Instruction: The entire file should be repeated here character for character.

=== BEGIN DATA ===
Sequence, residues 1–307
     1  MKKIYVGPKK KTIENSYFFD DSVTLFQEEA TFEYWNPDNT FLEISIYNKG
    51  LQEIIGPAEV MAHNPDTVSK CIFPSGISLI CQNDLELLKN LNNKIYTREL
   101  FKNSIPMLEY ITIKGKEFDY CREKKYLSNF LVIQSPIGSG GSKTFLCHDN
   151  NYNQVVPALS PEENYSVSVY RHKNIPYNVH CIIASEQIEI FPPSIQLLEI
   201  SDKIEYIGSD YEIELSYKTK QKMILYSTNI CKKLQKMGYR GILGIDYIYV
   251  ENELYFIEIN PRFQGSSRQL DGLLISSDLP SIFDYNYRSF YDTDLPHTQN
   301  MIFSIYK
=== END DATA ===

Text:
Sequence, residues 1–307
     1  MKKIYVGPKK KTIENSYFFD DSVTLFQEEA TFEYWNPDNT FLEISIYNKG
    51  LQEIIGPAEV MAHNPDTVSK CIFPSGISLI CQNDLELLKN LNNKIYTREL
   101  FKNSIPMLEY ITIKGKEFDY CREKKYLSNF LVIQSPIGSG GSKTFLCHDN
   151  NYNQVVPALS PEENYSVSVY RHKNIPYNVH CIIASEQIEI FPPSIQLLEI
   201  SDKIEYIGSD YEIELSYKTK QKMILYSTNI CKKLQKMGYR GILGIDYIYV
   251  ENELYFIEIN PRFQGSSRQL DGLLISSDLP SIFDYNYRSF YDTDLPHTQN
   301  MIFSIYK